This piece was first published in The Scotsman and is available online at www.scotsman.com/news/slow-take-up-of-fast-track-opposition-policy-1-3422411

Over the past years the United Kingdom Intellectual Property Office (UKIPO) has adopted a policy of becoming more 'user friendly' and has introduced procedures to make it easier, quicker and cheaper to register trade marks and to take or defend actions which come under its remit under the Trade Marks Act 1994.

One of the drivers for the above policy has been to make it easier for private applicants i.e. individuals or companies to deal direct with the UKIPO without the need to engage professionals – in particular trade mark and patent attorneys or solicitors. According to the UKIPO, some 63 per cent of all UK trade mark applications filed in the financial year 2013/2014 were by private applicants.

One such recent initiative by the UKIPO has been the introduction of a new fast-track trade mark opposition procedure on 1 October 2013. Key attractions are that the standard official opposition fee of £200 is halved to £100 and cases should be determined within six months instead of 12 to 18 months in standard oppositions. The fast track opposition procedure accordingly appears particularly attractive to individuals and SMEs.  

Policing the Trade Mark Register and opposing third party marks is extremely important for trade mark owners. Since 2007 the UKIPO has no longer had the power to refuse new marks on the basis of earlier similar marks. This is the case even when the respective marks are completely identical and cover identical goods or services. Instead, the UKIPO operates a notification procedure whereby it informs the owners of earlier trade marks when a later conflicting trade mark is published for opposition purposes. The onus is very much on trade mark owners to oppose. 

There are significant limitations to the fast track procedure. It is only available in straightforward cases where the marks and goods/services are identical or are similar (i.e. where there is a likelihood of confusion). The opponent is only able to base opposition on a maximum of three earlier registered marks. If there are further marks on which it wishes to rely and/or pending or unregistered marks, it must use the standard procedure. If opposition is based on a mark that has been registered for five years or more, the opponent must prove use of its mark when filing opposition instead of later as in the standard oppositions. Procedure is also simplified with no automatic right to file evidence and the official decision being made on the papers rather than the parties attending a hearing which is commonplace in standard oppositions.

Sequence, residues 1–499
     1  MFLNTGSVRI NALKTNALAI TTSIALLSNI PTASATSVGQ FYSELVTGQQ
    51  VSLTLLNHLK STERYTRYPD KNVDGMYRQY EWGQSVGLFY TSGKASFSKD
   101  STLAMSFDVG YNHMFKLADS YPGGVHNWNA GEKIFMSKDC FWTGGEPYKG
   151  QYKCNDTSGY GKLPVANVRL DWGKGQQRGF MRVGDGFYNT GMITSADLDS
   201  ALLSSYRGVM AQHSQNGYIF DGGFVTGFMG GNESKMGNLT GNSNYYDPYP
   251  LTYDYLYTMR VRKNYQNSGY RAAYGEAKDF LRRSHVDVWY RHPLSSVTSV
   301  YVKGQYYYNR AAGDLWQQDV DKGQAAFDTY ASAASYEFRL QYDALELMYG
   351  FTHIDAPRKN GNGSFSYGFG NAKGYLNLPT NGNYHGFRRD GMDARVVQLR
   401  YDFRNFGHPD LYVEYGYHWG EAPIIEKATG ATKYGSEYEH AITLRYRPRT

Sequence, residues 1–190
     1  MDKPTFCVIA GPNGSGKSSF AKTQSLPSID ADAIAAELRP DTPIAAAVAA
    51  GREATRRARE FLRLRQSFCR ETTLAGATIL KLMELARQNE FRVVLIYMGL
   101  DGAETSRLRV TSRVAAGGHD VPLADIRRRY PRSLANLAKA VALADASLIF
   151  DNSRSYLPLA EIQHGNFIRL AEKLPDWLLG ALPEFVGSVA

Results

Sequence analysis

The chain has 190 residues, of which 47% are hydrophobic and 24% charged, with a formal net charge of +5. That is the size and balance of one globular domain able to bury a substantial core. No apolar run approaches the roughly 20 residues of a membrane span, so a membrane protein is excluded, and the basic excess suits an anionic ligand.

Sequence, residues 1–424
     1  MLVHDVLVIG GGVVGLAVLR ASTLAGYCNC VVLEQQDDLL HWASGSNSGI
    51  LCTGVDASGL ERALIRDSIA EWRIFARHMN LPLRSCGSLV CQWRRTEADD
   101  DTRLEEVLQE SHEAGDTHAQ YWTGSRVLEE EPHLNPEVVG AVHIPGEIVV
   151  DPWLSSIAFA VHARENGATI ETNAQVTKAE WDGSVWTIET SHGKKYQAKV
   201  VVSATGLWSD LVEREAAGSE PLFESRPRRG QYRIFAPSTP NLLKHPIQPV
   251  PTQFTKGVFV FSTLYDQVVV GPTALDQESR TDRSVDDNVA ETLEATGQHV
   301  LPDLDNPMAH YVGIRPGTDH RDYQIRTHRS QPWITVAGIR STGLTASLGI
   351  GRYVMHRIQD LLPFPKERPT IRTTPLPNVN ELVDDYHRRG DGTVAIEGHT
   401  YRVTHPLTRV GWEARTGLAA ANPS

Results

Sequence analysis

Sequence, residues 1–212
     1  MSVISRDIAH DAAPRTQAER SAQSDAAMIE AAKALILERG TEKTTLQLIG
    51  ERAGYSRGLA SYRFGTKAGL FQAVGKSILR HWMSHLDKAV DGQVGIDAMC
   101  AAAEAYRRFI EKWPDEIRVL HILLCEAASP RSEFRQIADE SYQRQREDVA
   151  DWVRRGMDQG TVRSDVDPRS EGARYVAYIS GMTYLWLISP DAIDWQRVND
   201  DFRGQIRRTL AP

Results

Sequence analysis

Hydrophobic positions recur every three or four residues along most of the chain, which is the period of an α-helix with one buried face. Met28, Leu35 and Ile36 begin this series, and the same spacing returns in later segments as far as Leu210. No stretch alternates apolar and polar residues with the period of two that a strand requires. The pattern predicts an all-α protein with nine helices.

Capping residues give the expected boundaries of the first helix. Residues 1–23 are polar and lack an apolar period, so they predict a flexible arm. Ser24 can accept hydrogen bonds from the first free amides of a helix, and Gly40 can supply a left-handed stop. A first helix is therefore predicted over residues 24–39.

The UKIPO issued a press release at the end of March stating that only 10 per cent of all oppositions had been filed under the fast-track procedure which appears somewhat disappointing.  

The first 'fast track' opposition decision issued on 6 March 2014 was related to an application to register the trade mark e-Vap for electronic cigarettes opposed on the basis of on an earlier registration for the mark E-Vape (logo) covering identical goods. Not surprisingly, the opposition was successful and the applicant was ordered to pay the opponent costs of £800.

So why has the take-up of fast track opposition been so low? This may be because oppositions are rarely straightforward and it may not be sensible for an opponent to limit its case at the outset. In many cases, it will be appropriate to rely on pending applications and unregistered or so-called 'common law' marks. The requirement for filing proof of use upon opposition is also onerous and the necessary evidence is not always available by the opposition deadline.  

Many opposition cases turn on the evidence the opponent can file. For example, the opponent may wish to demonstrate that its trade mark is entitled to 'enhanced' protection by virtue of longstanding use and reputation. A further important gap in the fast track procedure is that it cannot be used to oppose a mark which has been filed for dissimilar goods or services – even a well-known mark such as Coca-Cola could not be used as a basis for opposition against Coca-Cola for different goods in the absence of registration for the identical or similar goods.  

Indeed, completely straightforward cases are rare and a trade mark owner may not be aware of the nuances and possible strengths and weaknesses of its case. This is where expert advice can be invaluable.

It will be interesting to see how the new fast track procedure pans out and whether the initial poor take-up of 10 per cent improves.